Marilyn Keen, Swisher Development Director

Buying a franchise is usually cheaper than buying a business. A stand-alone business with staff, premises, machinery and clients can cost you a lot more than a franchise, where many of these things are provided for you.

Banks will lend up to 70% of the capital for well-established enterprises.

The Drawbacks

Although it can be justifiably said that franchising is the easiest route into business for the uninitiated, franchisors demand varying degrees of previous business or sectoral experience from their franchisees.

"Experience in the recruitment transport sectors is not required […] but previous business experience is important, especially in sales development and customer service."

John Warren, Driver Hire Franchise Development Director

"We look for people that have sales experience."

Caroline Joyce, Kall Kwik Franchise Development Manager

"No previous experience is required."

Matt Baines, ChariSnack Commercial Director

Some franchises will set a minimum level of working capital as a criterion of candidacy.

Fees, which vary considerably, have to be paid. After the initial fee, regular management/administrative fees are often charged. Even the initial fee will have to be repaid if you wish to renew your franchise at the end of the contract.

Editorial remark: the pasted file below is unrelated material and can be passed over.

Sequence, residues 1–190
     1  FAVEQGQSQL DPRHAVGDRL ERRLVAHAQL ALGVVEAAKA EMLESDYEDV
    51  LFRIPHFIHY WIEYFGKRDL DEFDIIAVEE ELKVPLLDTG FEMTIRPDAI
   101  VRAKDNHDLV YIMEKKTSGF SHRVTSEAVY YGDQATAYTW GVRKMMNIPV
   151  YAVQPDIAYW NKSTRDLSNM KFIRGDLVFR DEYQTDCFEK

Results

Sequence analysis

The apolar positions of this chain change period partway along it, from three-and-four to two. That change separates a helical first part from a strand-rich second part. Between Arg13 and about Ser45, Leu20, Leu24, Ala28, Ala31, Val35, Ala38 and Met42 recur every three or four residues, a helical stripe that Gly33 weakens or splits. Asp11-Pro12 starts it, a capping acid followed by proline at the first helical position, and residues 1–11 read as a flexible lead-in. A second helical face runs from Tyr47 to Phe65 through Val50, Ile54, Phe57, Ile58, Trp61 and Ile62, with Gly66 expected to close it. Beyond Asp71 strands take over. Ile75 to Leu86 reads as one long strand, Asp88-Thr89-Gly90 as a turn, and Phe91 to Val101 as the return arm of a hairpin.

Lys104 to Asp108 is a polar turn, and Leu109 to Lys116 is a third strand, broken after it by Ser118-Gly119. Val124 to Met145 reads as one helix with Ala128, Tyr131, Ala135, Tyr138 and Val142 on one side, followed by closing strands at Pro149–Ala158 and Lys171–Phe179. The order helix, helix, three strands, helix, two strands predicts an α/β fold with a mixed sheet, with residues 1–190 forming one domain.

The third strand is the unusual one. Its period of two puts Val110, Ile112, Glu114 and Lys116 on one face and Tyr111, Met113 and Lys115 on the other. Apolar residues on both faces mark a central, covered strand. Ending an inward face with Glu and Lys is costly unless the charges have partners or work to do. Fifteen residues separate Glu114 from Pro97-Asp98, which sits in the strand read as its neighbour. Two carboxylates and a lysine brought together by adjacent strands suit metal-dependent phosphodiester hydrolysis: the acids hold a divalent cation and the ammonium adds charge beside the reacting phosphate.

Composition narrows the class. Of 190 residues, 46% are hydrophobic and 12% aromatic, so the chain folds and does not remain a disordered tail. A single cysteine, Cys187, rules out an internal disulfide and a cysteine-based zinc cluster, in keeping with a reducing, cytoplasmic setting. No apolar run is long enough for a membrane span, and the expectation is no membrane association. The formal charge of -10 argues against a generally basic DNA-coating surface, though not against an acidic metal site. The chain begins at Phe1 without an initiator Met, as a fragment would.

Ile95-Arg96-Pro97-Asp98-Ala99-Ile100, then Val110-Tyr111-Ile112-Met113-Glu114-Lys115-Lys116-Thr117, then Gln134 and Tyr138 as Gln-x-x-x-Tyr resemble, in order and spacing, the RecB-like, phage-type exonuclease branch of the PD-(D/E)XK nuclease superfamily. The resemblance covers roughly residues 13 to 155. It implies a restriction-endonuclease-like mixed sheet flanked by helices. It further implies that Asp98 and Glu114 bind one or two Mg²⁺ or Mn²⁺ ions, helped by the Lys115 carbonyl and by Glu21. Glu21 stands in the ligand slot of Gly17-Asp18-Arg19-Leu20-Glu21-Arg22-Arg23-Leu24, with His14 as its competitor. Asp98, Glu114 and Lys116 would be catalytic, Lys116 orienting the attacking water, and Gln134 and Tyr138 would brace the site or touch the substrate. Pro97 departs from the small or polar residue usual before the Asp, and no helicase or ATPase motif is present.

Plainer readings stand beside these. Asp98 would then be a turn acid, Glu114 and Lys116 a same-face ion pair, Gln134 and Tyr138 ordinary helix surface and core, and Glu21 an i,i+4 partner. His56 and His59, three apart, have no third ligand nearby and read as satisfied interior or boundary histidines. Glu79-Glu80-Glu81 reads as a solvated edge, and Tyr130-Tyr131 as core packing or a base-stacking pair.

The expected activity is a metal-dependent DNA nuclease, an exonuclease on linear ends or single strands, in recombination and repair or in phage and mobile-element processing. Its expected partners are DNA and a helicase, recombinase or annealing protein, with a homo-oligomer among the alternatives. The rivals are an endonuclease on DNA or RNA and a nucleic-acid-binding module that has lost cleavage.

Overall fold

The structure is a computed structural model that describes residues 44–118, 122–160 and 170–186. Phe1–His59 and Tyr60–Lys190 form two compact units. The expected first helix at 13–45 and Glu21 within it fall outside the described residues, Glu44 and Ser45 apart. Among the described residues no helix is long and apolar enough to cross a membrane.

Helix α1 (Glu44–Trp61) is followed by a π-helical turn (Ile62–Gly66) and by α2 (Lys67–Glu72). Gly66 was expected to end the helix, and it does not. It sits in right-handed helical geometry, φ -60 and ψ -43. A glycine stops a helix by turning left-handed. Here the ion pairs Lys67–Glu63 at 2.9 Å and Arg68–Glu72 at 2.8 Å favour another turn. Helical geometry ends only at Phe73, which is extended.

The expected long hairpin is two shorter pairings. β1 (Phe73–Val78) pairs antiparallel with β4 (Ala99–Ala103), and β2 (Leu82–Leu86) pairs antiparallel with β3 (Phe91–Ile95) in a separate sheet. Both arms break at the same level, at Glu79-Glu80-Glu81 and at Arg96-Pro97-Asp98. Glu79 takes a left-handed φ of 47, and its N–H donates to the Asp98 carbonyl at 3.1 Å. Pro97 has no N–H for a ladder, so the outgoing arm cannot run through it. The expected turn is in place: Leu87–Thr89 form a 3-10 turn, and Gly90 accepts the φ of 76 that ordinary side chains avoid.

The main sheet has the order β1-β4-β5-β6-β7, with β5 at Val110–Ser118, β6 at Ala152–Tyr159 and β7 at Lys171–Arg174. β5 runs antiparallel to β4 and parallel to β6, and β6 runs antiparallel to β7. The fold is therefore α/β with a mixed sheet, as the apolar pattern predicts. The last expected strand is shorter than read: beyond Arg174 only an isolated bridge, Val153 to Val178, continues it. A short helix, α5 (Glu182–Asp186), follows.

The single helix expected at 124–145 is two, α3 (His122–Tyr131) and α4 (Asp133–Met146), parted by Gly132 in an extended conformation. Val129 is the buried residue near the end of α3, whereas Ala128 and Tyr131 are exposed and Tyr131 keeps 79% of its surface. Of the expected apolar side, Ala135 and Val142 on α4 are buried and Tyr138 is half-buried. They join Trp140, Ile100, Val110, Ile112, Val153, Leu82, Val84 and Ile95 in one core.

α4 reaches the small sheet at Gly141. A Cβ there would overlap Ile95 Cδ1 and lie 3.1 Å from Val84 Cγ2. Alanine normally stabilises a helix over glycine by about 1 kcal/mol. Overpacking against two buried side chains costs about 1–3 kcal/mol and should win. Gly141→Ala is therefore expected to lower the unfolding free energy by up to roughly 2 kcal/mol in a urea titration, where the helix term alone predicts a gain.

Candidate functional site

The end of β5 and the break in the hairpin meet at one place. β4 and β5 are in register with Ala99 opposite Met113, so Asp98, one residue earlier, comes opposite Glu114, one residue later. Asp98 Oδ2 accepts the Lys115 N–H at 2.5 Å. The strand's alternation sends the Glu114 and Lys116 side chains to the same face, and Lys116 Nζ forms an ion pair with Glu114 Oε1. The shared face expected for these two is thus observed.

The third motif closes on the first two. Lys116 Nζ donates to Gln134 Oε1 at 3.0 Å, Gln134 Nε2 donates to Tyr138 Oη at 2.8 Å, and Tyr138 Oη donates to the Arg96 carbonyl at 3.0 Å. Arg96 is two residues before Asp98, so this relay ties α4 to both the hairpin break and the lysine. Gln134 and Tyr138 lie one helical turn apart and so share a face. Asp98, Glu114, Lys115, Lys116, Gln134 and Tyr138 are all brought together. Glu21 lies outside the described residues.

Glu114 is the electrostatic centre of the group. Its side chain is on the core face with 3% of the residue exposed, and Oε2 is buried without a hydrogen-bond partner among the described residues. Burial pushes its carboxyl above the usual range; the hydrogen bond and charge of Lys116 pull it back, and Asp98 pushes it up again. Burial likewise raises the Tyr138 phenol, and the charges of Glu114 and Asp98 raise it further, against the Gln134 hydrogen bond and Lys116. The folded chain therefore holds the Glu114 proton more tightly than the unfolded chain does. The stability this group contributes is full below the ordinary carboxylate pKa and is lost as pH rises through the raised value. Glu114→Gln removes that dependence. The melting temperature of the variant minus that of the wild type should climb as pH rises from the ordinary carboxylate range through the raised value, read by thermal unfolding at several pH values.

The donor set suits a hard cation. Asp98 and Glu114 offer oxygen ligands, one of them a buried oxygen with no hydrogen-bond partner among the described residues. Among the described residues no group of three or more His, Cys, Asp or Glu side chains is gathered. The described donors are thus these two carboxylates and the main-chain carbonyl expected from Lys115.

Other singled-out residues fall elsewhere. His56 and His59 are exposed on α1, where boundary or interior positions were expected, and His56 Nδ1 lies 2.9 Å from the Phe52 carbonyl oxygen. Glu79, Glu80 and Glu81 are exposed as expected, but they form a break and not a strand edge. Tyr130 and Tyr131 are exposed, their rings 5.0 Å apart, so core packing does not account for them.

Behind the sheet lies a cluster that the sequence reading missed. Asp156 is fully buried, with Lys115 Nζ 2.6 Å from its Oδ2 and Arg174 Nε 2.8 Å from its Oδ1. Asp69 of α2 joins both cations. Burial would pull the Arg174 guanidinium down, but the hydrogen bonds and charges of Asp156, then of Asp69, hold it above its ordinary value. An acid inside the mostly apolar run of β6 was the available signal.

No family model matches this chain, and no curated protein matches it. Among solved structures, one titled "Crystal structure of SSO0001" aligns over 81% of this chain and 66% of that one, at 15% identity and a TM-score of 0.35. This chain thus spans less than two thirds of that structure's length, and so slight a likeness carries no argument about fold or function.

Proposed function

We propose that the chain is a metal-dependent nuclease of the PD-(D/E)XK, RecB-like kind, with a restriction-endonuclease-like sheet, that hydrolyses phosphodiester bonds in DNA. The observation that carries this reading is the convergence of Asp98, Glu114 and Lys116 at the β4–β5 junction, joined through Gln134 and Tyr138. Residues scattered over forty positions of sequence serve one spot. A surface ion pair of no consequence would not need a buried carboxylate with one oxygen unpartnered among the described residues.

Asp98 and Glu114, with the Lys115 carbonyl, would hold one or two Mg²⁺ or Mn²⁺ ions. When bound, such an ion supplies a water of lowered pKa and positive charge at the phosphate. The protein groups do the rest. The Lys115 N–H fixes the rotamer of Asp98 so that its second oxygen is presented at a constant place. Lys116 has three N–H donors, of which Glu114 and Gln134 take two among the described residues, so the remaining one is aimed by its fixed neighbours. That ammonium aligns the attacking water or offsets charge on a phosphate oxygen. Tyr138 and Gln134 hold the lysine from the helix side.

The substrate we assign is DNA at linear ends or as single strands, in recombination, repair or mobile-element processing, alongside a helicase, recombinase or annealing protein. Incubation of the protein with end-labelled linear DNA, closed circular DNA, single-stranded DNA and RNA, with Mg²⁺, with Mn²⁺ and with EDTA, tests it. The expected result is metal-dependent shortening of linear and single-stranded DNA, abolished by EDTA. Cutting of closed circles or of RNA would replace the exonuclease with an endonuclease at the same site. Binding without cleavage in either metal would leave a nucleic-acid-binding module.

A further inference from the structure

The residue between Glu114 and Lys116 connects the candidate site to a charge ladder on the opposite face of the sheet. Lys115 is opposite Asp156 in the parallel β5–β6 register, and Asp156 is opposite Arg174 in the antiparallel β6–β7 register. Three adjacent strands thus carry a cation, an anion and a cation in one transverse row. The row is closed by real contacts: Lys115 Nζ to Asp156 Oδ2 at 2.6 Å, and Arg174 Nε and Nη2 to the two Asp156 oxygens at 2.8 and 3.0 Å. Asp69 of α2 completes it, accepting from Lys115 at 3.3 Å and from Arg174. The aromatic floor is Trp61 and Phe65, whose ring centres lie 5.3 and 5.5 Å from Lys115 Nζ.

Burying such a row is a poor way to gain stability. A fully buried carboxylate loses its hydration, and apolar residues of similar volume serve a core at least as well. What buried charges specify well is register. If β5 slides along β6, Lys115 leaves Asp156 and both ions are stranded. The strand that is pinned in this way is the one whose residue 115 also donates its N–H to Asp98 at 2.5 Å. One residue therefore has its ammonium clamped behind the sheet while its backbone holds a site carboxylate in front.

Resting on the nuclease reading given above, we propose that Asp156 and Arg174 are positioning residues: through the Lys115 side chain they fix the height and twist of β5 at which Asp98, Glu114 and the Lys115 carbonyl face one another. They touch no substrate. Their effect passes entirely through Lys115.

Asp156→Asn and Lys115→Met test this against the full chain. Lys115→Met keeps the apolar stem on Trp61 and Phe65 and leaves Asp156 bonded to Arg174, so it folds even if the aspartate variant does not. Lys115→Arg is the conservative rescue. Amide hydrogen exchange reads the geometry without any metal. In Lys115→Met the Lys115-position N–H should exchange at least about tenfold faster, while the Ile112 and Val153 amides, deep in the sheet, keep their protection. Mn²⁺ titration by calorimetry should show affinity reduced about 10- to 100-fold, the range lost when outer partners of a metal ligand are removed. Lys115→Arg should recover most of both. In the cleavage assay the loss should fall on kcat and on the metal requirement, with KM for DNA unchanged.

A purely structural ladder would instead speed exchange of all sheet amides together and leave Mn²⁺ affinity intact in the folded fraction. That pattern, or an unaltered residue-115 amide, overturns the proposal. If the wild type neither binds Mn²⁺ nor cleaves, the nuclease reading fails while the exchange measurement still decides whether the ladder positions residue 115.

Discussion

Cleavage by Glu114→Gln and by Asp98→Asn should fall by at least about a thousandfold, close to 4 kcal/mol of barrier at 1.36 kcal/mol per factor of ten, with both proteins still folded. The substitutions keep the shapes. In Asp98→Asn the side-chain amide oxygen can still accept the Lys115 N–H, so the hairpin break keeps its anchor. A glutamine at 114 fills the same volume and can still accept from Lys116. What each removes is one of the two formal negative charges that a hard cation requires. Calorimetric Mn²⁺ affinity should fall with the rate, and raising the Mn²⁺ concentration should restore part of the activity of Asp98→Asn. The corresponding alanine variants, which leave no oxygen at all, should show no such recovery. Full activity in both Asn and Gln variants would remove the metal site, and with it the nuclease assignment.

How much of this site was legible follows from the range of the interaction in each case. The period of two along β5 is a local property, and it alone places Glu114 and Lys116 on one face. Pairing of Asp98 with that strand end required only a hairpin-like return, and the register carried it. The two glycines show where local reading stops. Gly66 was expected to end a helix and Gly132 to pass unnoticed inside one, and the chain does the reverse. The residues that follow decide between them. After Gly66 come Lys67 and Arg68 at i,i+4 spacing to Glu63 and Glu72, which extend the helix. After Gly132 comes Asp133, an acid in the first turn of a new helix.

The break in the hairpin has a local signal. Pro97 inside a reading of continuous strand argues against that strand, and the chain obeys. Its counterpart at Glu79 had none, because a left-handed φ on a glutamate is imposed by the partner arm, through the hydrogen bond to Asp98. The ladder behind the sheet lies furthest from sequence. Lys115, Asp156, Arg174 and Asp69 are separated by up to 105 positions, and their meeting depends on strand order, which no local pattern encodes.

"You never know what your franchisor has planned for you, because someone did warn me that if they don’t want you, they won’t renew, and then you just get left with the shop. It’s no good to you then and you could lose that money."

Constantinos Zachariou, soon-to-be franchisee

If the business is not profitable, then the franchisee still has to pay fees. This is because fees are usually paid as a proportion of revenue, rather than as a proportion of profit.

"Although buying a franchise helps you avoid many of the pitfalls of starting from scratch, you also need to consider the limitations and restrictions that are part and parcel of becoming a franchisee."

John Warren, Driver Hire Franchise Development Director

Franchisees have less freedom and control than people starting their own business. This is the price of having an established brand and customer base: the franchisee is contractually bound by the franchise agreement to have premises laid out and decorated in the way that the customer is used to, and to sell the goods and services synonymous with, and expected from, the brand.

"If you bought a McDonalds, for example, everything is regimented."

Garry Nelson, Kall Kwik franchisee

Penalties for violations of such contractual stipulations can be harsh – it can even result in the termination of the franchise agreement.

So if the product or service in question goes out of fashion or competitors start undercutting you, you could be rather hamstrung if the franchisor fails to adapt to new market conditions.

One bad apple spoils the barrel: one franchisee’s poor performance can damage the brand – and your business.

"Should you wish to sell your franchise in the future, you will almost certainly not be allowed to set up a competing business for some considerable time afterwards."

John Warren, Driver Hire Franchise Development Director